Here, defendant's denial of any intention to drive was at least circumstantially corroborated by the testimony of other witnesses whom the judge found credible. The testimony of Stefano alone cannot support a finding beyond a reasonable doubt that defendant intended to operate his vehicle at the time of his arrest, as required by Daly, supra, 64 N.J. at 125, and Prociuk, supra, 145 N.J. Super. at 573. He was in such a deep stupor at 2:00 a.m. when he was arrested that he could not have had any such intent. He certainly made no movements or statements to the officer suggesting that he intended to operate that truck at the moment of arrest. Furthermore, the evidence clearly suggested that he had been soundly asleep for several hours when Stefano finally roused him because he had made no further calls to Gapinski after 12:12 a.m.

The conclusion that defendant intended to move the vehicle cannot have been made with respect to the moment of arrest, but must have been predicated upon his "intent" before he fell asleep. We are not persuaded by the Law Division judge's reliance on the fact that the parking brake was not set, defendant's seat was not reclined, and he did not tell the officer that he was sleeping, but rather that he was waiting for his buddy as sufficient to infer that he had an intent to operate his vehicle at some unspecified point in time. This evidence is simply insufficient to support a reasonable inference of intent to operate given defendant's prolonged stupor. In any event, we have found no reported decision sustaining a conviction based on an intent long since dissipated by the time of arrest and see no valid basis for distinguishing the facts in this case from those found insufficient in Daly, supra, 64 N.J. at 125, and Prociuk, supra, 145 N.J. Super. at 574.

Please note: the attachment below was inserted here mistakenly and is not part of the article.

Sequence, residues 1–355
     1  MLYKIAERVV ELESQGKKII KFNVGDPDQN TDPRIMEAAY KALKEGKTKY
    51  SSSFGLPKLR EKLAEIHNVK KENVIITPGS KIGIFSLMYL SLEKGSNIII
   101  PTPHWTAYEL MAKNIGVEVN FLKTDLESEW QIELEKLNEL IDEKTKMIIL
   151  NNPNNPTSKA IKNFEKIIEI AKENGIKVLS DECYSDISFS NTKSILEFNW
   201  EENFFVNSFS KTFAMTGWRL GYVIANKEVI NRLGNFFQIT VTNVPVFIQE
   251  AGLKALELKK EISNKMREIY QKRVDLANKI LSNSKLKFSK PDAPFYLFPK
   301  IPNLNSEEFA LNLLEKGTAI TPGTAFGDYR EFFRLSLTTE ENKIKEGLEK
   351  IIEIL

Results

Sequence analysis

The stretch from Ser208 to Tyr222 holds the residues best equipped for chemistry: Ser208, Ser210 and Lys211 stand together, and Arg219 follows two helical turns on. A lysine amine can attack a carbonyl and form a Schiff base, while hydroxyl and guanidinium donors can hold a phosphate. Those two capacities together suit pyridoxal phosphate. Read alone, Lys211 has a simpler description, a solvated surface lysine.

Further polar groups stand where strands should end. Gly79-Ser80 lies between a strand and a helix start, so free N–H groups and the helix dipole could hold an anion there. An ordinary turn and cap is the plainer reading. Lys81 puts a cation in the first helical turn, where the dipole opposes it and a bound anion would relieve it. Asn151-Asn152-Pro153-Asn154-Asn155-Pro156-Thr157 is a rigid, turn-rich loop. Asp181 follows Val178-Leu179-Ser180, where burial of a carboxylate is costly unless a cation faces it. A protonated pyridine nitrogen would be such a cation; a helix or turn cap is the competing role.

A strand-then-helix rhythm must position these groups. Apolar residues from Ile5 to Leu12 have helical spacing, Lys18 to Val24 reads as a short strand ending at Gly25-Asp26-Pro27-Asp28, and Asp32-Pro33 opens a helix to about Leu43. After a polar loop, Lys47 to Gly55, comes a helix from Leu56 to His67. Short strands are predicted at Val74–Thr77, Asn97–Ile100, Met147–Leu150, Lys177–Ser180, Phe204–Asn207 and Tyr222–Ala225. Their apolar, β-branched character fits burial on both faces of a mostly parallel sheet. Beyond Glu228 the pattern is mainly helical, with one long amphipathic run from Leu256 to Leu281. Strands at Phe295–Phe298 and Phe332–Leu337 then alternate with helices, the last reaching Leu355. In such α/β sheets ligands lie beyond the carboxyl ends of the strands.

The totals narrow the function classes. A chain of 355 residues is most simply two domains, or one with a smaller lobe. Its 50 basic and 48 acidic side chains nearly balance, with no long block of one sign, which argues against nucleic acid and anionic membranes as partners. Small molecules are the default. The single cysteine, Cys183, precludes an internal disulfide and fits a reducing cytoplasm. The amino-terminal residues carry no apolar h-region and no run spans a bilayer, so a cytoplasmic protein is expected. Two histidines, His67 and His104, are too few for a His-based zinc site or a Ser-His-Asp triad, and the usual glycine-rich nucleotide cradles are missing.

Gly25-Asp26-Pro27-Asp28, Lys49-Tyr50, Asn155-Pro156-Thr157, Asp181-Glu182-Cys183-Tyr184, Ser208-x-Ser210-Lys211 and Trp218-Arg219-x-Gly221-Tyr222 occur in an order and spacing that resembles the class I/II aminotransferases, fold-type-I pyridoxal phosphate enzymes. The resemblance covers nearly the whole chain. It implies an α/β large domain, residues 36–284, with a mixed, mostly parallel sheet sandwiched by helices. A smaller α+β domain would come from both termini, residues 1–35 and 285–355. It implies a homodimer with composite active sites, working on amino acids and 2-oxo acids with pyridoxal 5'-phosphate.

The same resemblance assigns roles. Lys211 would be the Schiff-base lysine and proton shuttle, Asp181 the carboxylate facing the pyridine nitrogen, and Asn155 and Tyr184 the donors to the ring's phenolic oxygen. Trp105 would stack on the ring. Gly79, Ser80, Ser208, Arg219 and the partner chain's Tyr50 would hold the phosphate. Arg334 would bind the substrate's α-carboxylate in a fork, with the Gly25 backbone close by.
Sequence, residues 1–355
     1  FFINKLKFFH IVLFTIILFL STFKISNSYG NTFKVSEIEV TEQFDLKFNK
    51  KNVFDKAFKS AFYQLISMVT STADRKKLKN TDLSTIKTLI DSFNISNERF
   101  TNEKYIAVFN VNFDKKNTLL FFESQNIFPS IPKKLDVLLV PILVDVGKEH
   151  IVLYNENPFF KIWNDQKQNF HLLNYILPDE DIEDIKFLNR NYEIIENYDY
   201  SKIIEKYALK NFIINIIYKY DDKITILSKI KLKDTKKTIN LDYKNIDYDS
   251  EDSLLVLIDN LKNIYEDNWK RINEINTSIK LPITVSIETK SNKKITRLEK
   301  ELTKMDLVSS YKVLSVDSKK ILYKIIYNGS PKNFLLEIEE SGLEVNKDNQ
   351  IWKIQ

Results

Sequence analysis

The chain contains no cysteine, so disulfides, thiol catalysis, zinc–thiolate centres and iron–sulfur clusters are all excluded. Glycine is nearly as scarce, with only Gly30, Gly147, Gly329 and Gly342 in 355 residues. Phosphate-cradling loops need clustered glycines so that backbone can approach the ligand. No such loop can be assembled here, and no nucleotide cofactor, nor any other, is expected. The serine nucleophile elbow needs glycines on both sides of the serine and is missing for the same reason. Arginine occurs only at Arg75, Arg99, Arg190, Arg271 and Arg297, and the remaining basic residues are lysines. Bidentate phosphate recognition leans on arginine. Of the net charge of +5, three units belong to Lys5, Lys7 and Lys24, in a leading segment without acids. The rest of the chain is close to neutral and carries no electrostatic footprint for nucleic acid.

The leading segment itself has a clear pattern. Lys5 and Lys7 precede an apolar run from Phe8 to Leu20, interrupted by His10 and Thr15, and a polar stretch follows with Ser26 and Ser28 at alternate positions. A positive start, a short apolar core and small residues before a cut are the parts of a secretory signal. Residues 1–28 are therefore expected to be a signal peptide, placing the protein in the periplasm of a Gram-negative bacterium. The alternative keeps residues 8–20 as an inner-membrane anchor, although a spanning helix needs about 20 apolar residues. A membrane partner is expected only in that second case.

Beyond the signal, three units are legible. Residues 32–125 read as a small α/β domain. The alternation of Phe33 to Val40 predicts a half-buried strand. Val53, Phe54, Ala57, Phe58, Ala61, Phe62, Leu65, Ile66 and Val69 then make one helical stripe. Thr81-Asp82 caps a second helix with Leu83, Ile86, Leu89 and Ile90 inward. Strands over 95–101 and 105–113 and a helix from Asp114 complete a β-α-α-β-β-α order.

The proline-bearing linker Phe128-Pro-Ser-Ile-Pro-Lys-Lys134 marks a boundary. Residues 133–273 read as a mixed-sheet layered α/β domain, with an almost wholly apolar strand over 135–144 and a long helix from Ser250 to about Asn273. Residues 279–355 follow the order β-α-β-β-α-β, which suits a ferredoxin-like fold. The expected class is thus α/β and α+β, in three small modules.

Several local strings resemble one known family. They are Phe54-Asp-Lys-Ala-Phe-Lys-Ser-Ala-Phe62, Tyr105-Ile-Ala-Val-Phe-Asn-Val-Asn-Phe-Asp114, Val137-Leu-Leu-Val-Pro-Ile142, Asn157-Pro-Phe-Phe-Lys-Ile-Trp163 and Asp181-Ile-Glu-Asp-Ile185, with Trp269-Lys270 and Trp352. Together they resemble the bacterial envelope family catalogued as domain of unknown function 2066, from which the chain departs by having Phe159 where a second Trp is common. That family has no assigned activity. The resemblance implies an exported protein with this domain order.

Monday, October 12, 2015

Expungment of criminal charges in NJ

details at http://www.njlaws.com/expungement.html
Fortunately, if you are a law abiding citizen, you can now have old arrests or convictions erased from public records and police folders. Under NJSA 2C:52-1 et seq. past criminal convictions can be expunged erased under certain instances. For example, if you were convicted or pleaded guilty to a disorderly person offense (misdemeanor type) more than 5 years ago, and have not been convicted of anything since, you can have your attorney petition to the Superior Court for an Expungement (Erase and removal) of your criminal record. If you plead guilty to a town ordinance (ex. - Seaside Heights Drinking in Public) you can petition for an Expungement after waiting two years. A Juvenile delinquent/guilty finding for a minor can also be expunged/erased under similar circumstances. In addition, minor drug arrests which resulted in first offender conditional discharge can be erased if one year has passed since termination of probation or conclusion of court proceedings.

Most importantly, arrests on frivolous complaints which did not result in a conviction or if charges were dismissed, can be expunged, without waiting. THE EXPUNGEMENT PETITION

You should contact an attorney experienced with handling expungements in the Superior Court. Your attorney will prepare an expungement petition which under state law must contain substantial background information, including:

a. Date of Birth and Social Security #

b. Date of Arrest

c. Statute Arrested For and Statute Convicted

d. Original Indictment, Summons, or Complaint Number

e. Petitioners Date of Conviction or Date of Disposition

f. Courts Disposition of the Matter and Punishment Adopted, if Any